It’s been a long, crazy weekend here. Grateful for sun after three days of rain and the coolest spring I can recall since moving here, we kicked off the weekend with strawberry picking at one of my favorite farms. Saturday morning was a raucous game of soccer, or as close as can be had with a bunch of three-year-olds. And still drunk on blue sky and warm breezes, we came to realize that nothing would make the weekend more perfect than a night spent under open skies.
Really, there was no “we” in that realization. I have this idealist vision of camping, memories of my mom cooking a huge breakfast on a griddle while my dad helped me and my brother find worms and nightcrawlers for fishing. When I was a kid we spent a lot of time in campgrounds and took first our truck camper, and later Winnebago, all over the country. I’ve either blocked out the bad parts, or it was AWESOME. I dream of a pop-up camper; so far the furthest I’ve gotten is convincing my husband that sitting around a campfire and sleeping in a tent a few times a year won’t kill him.
Anyway we packed up Big Blue, got the dogs and kid in the car (J, at sixteen, was just way too cool for camping), and headed outside the city. Of course by the time we got there, set up camp, scavenged enough wood to start a fire, made dinner and made our way back and forth to the communal bathroom several times, T was so exhausted he was crying to go to bed even before making “fo fo’s” (marshmallows). As the fire started to burn out and the temperatures dipped, we noticed we didn’t have the tarp for the top of our tent. We huddled together on the air mattress that managed to spring a leak since the last time we used it, staring up at the stars through our unimpeded view. And finally, finally, the squirrels, deer, bears, mountain lions, and other guests stopped their partying long enough for me to fall asleep…only to wake and repeat the chaos of toddler-caring, fire-making, food-preparing and the rest of it.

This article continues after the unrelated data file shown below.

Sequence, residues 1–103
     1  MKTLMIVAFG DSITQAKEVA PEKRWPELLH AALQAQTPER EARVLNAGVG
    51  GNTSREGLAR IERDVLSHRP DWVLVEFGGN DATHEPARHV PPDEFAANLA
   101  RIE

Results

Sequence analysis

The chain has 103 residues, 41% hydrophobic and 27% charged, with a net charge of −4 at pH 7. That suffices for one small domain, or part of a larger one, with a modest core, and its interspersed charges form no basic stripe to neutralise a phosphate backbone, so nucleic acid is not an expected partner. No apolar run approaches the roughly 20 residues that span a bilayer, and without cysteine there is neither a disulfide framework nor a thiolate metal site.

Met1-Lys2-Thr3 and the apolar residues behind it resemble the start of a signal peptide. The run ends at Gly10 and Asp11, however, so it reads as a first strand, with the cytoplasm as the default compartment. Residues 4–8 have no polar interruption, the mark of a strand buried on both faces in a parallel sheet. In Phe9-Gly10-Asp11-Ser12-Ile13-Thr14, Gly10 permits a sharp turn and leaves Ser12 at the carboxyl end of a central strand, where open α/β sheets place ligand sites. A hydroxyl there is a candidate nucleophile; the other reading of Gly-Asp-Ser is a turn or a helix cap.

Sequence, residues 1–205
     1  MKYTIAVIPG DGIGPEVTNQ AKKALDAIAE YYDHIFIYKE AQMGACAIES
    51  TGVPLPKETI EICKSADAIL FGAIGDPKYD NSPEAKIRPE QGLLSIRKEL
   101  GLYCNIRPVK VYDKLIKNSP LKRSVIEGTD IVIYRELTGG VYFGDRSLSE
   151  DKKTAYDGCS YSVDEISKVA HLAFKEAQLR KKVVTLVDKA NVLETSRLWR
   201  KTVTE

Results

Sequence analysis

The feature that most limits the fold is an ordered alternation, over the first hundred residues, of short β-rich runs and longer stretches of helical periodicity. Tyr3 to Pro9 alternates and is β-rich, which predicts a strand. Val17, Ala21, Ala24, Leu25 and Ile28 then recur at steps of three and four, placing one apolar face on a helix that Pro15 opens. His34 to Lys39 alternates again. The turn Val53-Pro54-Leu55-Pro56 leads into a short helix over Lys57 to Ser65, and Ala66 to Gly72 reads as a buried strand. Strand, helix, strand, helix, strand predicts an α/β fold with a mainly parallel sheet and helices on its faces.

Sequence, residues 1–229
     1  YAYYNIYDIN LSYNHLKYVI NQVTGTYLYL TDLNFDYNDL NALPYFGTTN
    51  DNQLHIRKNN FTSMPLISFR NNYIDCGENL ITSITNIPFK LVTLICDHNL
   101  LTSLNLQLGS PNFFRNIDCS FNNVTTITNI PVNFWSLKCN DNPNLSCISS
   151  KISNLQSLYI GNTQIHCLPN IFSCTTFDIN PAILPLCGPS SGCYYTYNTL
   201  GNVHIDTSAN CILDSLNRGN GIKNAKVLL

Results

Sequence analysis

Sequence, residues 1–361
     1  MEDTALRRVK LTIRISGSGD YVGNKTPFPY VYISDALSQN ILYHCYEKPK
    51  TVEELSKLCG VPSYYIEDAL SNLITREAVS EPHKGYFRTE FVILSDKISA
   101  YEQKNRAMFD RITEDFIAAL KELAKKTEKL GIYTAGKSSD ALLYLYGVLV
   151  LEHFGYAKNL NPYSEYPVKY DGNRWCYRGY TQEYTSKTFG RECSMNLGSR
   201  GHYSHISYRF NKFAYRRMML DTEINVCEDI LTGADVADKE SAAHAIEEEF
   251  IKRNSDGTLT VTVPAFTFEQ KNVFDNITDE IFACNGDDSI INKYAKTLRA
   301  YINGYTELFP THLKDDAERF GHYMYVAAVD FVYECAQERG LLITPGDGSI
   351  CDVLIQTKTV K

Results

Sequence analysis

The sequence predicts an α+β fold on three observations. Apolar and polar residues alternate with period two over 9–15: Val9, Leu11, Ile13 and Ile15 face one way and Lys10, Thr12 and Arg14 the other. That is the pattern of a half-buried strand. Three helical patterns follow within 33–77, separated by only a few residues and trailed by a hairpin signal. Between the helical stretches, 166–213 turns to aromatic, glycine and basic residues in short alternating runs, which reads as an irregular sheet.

By the time we packed up I was more than ready to go. T had been whining non-stop for nearly two hours, I found myself repeating and REPEATING simple directions such as “stop throwing rocks!” and “stay away from the fire, it’s hot!” and I wanted nothing more than to be home and the sweet solace of T’s naptime. And I’m sad to say that, while I strive to use kind words and toddler-level reasoning with him every day, by the time we got in the car my frustration and short temper were starting to spread like toxic mold.
We did make it home, an uneventful trip except for the ginormous spider I found crawling on my shirt (seriously, I almost died). A too-quick nap and T was awake and still acting up, incapable of listening out of shear exhaustion. But as I tried to get some of the laundry started and dishes washed and camping carnage put away, I kept passing him lying, quite peacefully, on the couch, watching a movie. And I recalled that it can wait, all of it. I have not doubt that pile of greasy pans will still be in the sink after he goes to bed, or even tomorrow morning. But for this moment, of T being three-and-a-few-months and just the two of us lying together, watching Toy Story, still smelling like campfire and sunshine, I have no such guarantee. So I took it, and he put his hand on my head and smiled, and life was good.